The Jewish holidays are intended to be a time of joy and celebration, but for those who are grieving, it can be a time of intense pain and struggle. Whether it's during Passover or any other holiday, the absence of a loved one can make it especially difficult to navigate. Coping with grief during the holidays requires a range of strategies and support systems.
In this article, we will explore effective ways to manage the feelings of grief during the holidays, keeping Passover in mind, as Passover is chock full of traditions that make it hard to forget the absence of a loved one.
Creating New Traditions to Honor the Memory of Your Loved One
Traditions play an important role in Passover celebrations, and creating new ones that honor the memory of the person who has passed can be a helpful way to cope with grief. Simple activities such as lighting a candle or creating a special ornament in their honor can provide a sense of comfort and connection.
Seeking Support to Cope with Grief
Grief can be an isolating experience, especially during Passover when everyone else seems to be connecting with family and celebrating. To break the feelings of isolation, it's important for you to reach out to friends and family for support during this time. Joining grief support groups or finding online communities will provide you with a sense of belonging and understanding. Seeking support is a healthy way for you to process emotions and prevent feelings of isolation.
Practicing Self-Care to Manage Stress and Feel More Grounded
Taking care of yourself is crucial during times of grief. This can include getting enough sleep, eating well, and engaging in activities that bring you joy. Practicing self-care can help you manage stress and feel more grounded during the holidays. It is essential for you to prioritize self-care during this time and not allow feelings of guilt to rob you from moments of joy. Remember that the deceased would not appreciate seeing you suffer.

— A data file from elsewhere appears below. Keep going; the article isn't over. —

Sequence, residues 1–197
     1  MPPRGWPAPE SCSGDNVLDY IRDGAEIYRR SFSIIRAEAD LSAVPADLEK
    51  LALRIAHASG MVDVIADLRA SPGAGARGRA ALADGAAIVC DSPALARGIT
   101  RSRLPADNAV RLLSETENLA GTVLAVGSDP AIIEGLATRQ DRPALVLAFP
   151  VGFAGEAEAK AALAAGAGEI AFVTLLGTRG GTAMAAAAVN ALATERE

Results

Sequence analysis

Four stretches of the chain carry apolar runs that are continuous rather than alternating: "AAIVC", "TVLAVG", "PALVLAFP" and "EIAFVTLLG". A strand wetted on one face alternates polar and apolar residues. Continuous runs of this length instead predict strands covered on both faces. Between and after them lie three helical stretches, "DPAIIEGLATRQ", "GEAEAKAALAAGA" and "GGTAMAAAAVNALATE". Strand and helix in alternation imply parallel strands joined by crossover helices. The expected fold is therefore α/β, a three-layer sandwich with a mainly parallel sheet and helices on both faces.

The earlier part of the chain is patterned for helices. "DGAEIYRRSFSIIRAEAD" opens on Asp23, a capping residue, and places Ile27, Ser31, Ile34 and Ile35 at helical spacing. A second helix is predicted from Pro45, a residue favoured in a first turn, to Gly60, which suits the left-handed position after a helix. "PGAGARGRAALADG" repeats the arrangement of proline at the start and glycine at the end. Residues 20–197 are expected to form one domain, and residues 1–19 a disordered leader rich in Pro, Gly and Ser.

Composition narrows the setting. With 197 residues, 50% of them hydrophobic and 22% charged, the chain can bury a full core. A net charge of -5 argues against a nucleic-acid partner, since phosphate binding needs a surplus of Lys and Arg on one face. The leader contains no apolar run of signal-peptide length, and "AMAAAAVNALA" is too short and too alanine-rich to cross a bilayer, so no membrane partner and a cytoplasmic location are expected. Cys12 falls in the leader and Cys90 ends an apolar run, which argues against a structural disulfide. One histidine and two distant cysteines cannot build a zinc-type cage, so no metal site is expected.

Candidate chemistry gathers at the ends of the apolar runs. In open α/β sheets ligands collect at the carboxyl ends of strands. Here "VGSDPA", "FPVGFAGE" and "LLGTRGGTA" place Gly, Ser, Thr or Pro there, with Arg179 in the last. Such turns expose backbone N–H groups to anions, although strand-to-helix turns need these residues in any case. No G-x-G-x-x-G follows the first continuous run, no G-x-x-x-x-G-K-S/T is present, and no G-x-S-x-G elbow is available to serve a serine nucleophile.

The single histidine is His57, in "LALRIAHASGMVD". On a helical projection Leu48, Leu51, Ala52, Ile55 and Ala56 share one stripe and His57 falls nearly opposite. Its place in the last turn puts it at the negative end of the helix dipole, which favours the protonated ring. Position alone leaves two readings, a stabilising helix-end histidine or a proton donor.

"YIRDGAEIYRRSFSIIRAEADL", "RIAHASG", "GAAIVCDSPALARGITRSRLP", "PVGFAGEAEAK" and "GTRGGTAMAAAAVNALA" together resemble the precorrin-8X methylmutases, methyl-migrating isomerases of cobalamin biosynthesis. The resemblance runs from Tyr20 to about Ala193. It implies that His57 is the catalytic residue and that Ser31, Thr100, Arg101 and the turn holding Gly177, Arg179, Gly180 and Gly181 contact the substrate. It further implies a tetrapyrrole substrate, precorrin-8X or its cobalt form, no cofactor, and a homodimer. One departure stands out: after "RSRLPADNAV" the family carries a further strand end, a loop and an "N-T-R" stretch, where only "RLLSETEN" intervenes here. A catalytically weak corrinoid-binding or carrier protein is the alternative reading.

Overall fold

Helping Others to Shift Focus Away from Grief
Giving back to others in need can help shift the focus away from your own grief and provide a sense of meaning and purpose. Volunteering at the Bikur Cholim, donating to a charity, or helping a neighbor in need are all examples of how you can give back. Helping others can also be a way for you to honor the memory of the person who has passed and feel more connected to them during the holidays.
Honoring the Person Who Has Passed to Bring Comfort and Connection
Finding meaningful ways to remember and honor the person who has passed can bring comfort and a sense of connection. This may include visiting their favorite place or making their favorite meal. These small actions are a way for you to keep their memory alive and feel more connected to them during the holidays.
Give Yourself Permission to Feel All the Emotions That Come with Grief
It's important for you to allow yourself to feel all the emotions that come with grief, including sadness, anger, and guilt. Giving yourself permission to feel can help you process your emotions in a healthy way. Allow yourself to cry. Journal your thoughts and feelings, and trust that you can experience intense emotions and they too shall pass.